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Penncrest was a brand name of the J.C. Penny department store chain. Many Penncrest instruments were made by Kay and from the mid 1960s they were increasingly sourced from Japan.


Sindorf (Bob)

Robert Johannes "Bob" Sindorf was born in Amsterdam in 1951 and emigrated to the USA with his family in 1951. He grew up in Little Falls, New Jersey and graduated from Columbia College in 1974. While still at Columbia, Sindorf worked with Charles LoBue at Guitar Lab in New York City on the weekends and between classes. Sindorf had started to make guitars in his bedroom as a child and originally came into LoBue's shop looking for a part to complete a guitar that he was building in his dorm. Sindorf continued to work with LoBue through 1976 when he began grad school, At Guitar Lab he worked alongside the likes of Larry Dimarzio, Steve Blucher, Sherwood T.

RJP (Technologies)

RJP Technologies was founded by Ronnie J. Parker in the early 2000s. Parker had previously worked for Aria and has also designed instruments for Washburn and other companies. The mass production models of Parker's RJP Tech guitars and basses were made overseas and distributed the USA. There were also USA custom models.


Pan guitars were distributed in Canada by Turner Musical Instruments Limited from the late 1960s into the 1970s. Pan guitars were made in Japan and the range included acoustic, electric and bass guitars which were copies of the iconic American designs.

Source: Pan catalogs 1968-169


Palir Guitars was founded in 2009 by husband and wife John & Katie Palir. They have been full time since 2014. Palir specialise in worn-in, eye catching Strat and Tele style guitars with great tone and playability.  In particular their necks are finished to make them smooth and comfortable as possible.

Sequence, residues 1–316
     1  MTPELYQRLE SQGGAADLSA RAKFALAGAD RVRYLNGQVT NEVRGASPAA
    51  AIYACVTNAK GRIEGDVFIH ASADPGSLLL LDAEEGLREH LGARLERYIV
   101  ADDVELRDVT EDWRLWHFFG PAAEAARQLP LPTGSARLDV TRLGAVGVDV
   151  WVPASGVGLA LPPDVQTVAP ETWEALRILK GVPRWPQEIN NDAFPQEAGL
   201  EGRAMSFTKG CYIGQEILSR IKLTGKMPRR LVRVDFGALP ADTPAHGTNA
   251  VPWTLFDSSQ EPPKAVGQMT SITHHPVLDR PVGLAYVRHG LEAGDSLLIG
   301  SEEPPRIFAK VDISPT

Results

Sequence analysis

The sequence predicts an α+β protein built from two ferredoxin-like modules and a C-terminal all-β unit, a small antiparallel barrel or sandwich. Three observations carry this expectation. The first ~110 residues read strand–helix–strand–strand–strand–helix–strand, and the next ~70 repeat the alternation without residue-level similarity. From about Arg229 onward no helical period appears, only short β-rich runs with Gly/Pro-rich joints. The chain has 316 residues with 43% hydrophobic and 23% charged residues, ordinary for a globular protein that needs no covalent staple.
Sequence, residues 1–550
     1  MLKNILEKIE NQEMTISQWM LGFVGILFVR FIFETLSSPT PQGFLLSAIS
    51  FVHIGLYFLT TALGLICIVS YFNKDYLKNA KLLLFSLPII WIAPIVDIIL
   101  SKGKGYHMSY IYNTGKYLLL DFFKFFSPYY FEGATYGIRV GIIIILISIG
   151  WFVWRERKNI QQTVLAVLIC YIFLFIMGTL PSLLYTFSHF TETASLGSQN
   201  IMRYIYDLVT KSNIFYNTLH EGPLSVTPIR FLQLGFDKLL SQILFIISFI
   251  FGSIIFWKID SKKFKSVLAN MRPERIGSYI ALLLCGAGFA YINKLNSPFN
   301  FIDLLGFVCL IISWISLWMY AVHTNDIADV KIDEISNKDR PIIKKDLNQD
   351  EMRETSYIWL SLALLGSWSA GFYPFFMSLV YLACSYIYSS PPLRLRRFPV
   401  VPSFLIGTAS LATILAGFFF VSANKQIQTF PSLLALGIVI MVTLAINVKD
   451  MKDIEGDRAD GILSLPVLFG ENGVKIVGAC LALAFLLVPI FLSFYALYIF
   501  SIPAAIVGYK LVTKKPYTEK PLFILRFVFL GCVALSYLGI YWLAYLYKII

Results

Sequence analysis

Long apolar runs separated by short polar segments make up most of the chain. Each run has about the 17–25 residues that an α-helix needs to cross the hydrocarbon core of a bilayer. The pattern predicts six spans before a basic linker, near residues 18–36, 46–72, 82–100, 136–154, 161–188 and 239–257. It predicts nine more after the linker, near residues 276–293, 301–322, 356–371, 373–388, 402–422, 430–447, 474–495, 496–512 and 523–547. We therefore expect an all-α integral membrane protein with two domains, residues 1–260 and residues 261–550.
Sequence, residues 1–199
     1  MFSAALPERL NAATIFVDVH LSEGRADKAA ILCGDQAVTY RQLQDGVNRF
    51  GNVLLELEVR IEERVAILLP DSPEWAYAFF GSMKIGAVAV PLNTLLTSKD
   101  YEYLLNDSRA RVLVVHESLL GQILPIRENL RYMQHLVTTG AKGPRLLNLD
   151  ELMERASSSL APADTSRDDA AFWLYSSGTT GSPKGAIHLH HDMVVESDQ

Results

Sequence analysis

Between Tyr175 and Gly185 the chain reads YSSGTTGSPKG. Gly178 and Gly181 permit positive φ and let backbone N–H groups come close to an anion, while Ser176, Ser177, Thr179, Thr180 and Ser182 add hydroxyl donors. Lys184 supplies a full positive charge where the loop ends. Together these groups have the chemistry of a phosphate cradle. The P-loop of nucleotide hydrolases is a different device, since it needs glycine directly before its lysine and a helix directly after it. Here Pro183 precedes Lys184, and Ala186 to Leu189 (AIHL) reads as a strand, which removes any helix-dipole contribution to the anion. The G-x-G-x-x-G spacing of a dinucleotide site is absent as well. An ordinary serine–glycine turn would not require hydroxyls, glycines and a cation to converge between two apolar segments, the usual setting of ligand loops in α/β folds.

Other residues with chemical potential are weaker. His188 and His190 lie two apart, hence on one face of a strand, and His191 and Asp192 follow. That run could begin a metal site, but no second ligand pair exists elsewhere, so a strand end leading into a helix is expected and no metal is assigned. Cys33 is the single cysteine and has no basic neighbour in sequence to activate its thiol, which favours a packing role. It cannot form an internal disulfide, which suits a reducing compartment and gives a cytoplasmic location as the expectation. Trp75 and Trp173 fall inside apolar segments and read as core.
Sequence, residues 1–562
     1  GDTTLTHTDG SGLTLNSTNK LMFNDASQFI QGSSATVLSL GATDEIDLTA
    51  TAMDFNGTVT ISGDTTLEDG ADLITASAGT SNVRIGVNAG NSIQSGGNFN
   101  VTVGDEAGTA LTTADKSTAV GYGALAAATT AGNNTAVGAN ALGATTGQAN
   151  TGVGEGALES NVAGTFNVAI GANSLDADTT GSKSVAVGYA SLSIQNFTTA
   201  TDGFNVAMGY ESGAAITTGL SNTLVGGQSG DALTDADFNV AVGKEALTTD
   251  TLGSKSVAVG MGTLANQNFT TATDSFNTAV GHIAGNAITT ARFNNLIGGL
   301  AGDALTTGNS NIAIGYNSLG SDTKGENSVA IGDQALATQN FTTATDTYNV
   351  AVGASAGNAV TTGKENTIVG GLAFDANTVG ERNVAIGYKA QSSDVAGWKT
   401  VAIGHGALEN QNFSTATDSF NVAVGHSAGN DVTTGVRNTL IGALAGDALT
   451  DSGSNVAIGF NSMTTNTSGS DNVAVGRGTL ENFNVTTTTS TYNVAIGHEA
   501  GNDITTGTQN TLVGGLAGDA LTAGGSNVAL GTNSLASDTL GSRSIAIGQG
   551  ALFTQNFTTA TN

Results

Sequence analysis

Source: Palir Guitars website (3 December 2018)


Richelieu guitars and basses were made in Bridgeport, Connecticut from 1982 to 1984. The company was started by John Toth and Richard Syarto. Richelieu made custom neck-through-body Spectre guitars, and with various pickup and finish options. Relatively few Richelieu instruments were made (probably less than 100). The company became Black Rock Guitars in the mid 1980s and John Toth carried on while Richard Syarto went on to work for the Fender Custom Shop.

Starforce 7000 Series

Starforce 7000 series included the 7000 model with a precision style body shape and the 7005, 7007  & 7008 models which had more original shaped bodies. All had 1 split-coil and one single coil pickup. The 7007 model was like the 7008 except with a double-coil EMG Select pickup. The 7005 was available with crackle paint finish and both the 7000 and 7005 with graffiti graphics.

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Guild B series

The Guild B-series bass guitars were introduced in 1977 as a new generation of solid body basses to replace the JS-1 and JS-2 basses which had been the company's only solid body basses since 1970.  These B-series basses shared the new body shape of the S-300 guitars. The single pick-up B-301 was released first and its success soon led to the introduction of the 2-pickup B-302 model. Both models were available with ash body and maple neck, as the B-301A and B-302A. Both were also available with fretless fingerboard for no extra cost. The B-302 also was available with stereo wiring.

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John Page

John Page started building guitars in the mid 1970s. Page joined Fender in 1978 and his talents were soon recognised by Freddie Tavares who became his mentor. In 1981 Page designed the Fender bullet and later designed higher-end guitars including the Vintage, Elite, and Performer Series. He co-founded the Fender Custom Shop in 1987 and ran it until 1998. On leaving the Custom Shop he was the founding executive director of Fender's Museum of Music and the Arts before leaving in 2003 to move to the Southern Oregon forest to build a new life and home. He returned to the guitar world in 2006 when he launched his own company - John Page Custom Guitars. In 2015 he teamed up with Premier Builders Guild co-founder Howard Swimmer to launch John Page Classic Guitars: offering more affordable production versions of Page’s designs.


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